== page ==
Last night I also spent some time digging the Mississippi. I meditated on a bench as the sun set and took in the fact that the river is a physical connecter and divider of this country. It feels good to be on the west side of it now.
This morning I made my way through Hannibal, MO the hometown of Mark Twain. I was a bit dissappointed by it, as it's a major tourist trap.
I going to keep heading south on Rt. 19 and then head west along the Missouri River tommorrow. Keep the prayers coming...I can feel them.

Thursday, July 28, 2005

The Faithful IL River and Its People


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Originally uploaded by jeremysullivan.

The IL River has been my guide as I've made my way southwest through the state. The river valley has treated me kindly. Yesterday I followed it 105 miles to the town of Havanna, one of the only sizable towns I had seen all day.
When I got there I sat outside the local general store digging the local scene (I must admit I stole the verb "to dig" from Jack Kerowac in the book On the Road...it's an expression I'd like to bring back). While I was sitting there I met Rodney, a friendly guy in his 30's wearing a Cubs hat. After everything I said, he would reply, "Get the F#@!$ out of here." Then he said "I really respect what you'r doing." In fact he said I could camp out in his backyard. When I got there he said, "If you hurry up you can take a shower before 'she' gets home, I don't want to have to explain everything to her." So I moved quick.
Rodney told me all about his job at the pig slaughter house. They kill 20 pigs per minute he told me. His job is to cut out their tongues. "Their heads alone have $30 worth of parts", he said. The funny thing was that I was eating a ham sandwich that he had made me during this whole conversation.
I camped out on the edge of his yard next to a cornfield. I had a front row seat watching the corn grow as the night set in. I even had the chance to talk to a few people on my cellular phone. As for Rodney's wife Jan, she wasn't that scary after all. She came by in the morning while I was packing up my tent and donated $5 towards Camden.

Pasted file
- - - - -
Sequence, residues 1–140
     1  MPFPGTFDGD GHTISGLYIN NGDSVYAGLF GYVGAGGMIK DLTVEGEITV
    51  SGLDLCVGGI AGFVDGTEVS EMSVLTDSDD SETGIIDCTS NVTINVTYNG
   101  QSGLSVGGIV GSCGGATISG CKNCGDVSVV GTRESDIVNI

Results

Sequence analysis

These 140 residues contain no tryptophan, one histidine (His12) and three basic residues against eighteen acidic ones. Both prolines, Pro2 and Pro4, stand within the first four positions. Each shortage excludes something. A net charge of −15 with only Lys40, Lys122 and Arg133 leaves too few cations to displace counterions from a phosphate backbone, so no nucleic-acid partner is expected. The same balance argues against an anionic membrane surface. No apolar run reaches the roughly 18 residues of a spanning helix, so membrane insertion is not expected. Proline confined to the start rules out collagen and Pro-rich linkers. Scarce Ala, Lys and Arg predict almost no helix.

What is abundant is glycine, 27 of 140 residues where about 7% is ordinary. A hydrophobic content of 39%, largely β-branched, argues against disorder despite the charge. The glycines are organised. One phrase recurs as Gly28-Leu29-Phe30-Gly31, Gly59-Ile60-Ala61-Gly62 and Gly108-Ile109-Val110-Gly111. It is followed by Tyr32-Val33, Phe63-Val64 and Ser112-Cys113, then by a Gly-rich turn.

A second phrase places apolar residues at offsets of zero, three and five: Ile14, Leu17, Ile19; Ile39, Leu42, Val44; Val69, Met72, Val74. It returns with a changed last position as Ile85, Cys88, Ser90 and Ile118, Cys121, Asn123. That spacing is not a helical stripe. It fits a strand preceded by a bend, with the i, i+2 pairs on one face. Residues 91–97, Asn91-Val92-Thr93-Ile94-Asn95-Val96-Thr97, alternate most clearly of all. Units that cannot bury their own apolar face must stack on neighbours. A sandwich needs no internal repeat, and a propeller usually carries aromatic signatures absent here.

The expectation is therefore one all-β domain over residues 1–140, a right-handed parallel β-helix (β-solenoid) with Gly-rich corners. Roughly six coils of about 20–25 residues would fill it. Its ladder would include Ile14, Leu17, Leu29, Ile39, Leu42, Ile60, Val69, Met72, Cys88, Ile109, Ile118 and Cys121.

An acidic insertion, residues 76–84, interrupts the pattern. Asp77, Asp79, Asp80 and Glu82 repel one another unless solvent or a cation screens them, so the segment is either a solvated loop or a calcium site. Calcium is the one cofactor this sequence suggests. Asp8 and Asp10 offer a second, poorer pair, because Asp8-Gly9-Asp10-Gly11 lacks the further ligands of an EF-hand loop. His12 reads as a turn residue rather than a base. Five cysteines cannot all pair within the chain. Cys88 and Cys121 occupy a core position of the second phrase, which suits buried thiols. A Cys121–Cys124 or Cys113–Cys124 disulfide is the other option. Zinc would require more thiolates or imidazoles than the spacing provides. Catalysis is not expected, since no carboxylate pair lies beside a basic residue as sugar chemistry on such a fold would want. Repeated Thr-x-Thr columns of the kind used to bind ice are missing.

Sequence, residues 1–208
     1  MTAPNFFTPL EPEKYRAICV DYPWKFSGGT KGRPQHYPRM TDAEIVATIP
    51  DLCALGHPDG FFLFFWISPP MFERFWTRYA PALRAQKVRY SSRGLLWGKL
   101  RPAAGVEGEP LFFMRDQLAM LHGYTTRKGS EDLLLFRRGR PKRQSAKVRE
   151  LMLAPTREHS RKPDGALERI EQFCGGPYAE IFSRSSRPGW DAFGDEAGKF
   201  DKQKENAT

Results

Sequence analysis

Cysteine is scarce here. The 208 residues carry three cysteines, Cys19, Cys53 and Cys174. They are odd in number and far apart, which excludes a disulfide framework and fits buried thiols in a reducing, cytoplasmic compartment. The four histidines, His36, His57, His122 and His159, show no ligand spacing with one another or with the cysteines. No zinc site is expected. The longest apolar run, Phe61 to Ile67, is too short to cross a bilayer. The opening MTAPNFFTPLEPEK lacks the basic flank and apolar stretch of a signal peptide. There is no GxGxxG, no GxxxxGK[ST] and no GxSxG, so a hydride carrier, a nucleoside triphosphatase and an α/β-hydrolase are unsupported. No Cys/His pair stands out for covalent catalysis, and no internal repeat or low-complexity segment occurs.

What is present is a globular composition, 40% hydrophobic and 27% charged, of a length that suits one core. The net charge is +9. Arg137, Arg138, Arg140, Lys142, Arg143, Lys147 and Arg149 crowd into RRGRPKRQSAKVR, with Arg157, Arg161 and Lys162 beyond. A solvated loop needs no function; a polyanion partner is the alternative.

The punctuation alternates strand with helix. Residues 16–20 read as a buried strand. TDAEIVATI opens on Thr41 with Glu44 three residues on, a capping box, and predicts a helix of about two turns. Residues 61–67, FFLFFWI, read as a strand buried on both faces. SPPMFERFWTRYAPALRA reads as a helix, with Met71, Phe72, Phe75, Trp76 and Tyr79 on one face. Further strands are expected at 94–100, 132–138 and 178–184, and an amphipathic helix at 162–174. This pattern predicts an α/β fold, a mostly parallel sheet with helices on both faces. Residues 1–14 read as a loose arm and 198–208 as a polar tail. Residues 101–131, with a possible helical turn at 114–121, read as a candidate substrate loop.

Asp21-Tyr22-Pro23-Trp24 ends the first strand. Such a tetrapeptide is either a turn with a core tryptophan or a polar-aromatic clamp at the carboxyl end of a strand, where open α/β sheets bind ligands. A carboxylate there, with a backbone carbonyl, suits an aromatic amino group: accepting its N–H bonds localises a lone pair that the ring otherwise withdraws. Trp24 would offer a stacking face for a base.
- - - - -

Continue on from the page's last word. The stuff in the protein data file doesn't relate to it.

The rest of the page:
So today I plan to split from the IL River and cross the mighty Mississippi in Quincy, IL. I've been proud of my home state, they've been quite friendly. When I was stopped one day a local cyclist came by and went over my maps with me and gave me some good tips on which roads to follow. One farmer selling peaches on the road gave me a free one. When I told him I was going to California, he gave me another, saying "You'll need it." More people than ever have asked me where I'm going and coming from. I think folks can appreciate the distance because from small town middle America New Jersey and California seem like worlds away.

Wednesday, July 27, 2005

Visit to Plough Creek


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Originally uploaded by jeremysullivan.

Yesterday was another short ride to Tiskilwa, IL where I visited the good folks at Plough Creek Community. It was great timing because it started to rain when I was about 2 miles away. It then continued to rain for a steady 3 hours. I've never seen so many people smiling at the mention of rain. They have their own farm where they grow an assortment of berries, tomatoes, and corn.
I stayed with a nice couple named Rick and Lynn. Rick showed me around the land and then we made dinner together. We then had a nice dinner with a young family named the Clarkes. They are just staying at Plough Creek for the summer. They live in Evanston the rest of the year. Greg Clarke is a professor at North Park College. Later on some other folks from the community came over and I was able to show my pictures and share the story of Camden. Many of them had lived in inner city settings before and could relate to the realities that the people of Camden are facing. We also had a very interesting conversation about the future of their community. Many of them are getting older and there aren't younger people interested in sticking around for very long anymore. They were interested to hear the story of how us young people came together to form the Camden House.